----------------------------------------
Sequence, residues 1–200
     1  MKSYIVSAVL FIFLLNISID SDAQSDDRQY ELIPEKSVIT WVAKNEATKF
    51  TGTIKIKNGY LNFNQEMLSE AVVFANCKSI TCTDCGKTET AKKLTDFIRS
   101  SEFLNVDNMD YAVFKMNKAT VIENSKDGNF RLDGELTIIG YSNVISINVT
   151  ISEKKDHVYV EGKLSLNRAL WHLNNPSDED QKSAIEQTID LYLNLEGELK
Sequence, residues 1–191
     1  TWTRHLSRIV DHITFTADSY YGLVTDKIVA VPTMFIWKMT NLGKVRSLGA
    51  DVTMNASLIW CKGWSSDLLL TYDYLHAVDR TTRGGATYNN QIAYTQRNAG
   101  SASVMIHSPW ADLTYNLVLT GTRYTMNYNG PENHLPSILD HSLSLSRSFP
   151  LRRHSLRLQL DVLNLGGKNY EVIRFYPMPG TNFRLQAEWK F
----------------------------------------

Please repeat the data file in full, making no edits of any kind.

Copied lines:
Sequence, residues 1–200
     1  MKSYIVSAVL FIFLLNISID SDAQSDDRQY ELIPEKSVIT WVAKNEATKF
    51  TGTIKIKNGY LNFNQEMLSE AVVFANCKSI TCTDCGKTET AKKLTDFIRS
   101  SEFLNVDNMD YAVFKMNKAT VIENSKDGNF RLDGELTIIG YSNVISINVT
   151  ISEKKDHVYV EGKLSLNRAL WHLNNPSDED QKSAIEQTID LYLNLEGELK
Sequence, residues 1–191
     1  TWTRHLSRIV DHITFTADSY YGLVTDKIVA VPTMFIWKMT NLGKVRSLGA
    51  DVTMNASLIW CKGWSSDLLL TYDYLHAVDR TTRGGATYNN QIAYTQRNAG
   101  SASVMIHSPW ADLTYNLVLT GTRYTMNYNG PENHLPSILD HSLSLSRSFP
   151  LRRHSLRLQL DVLNLGGKNY EVIRFYPMPG TNFRLQAEWK F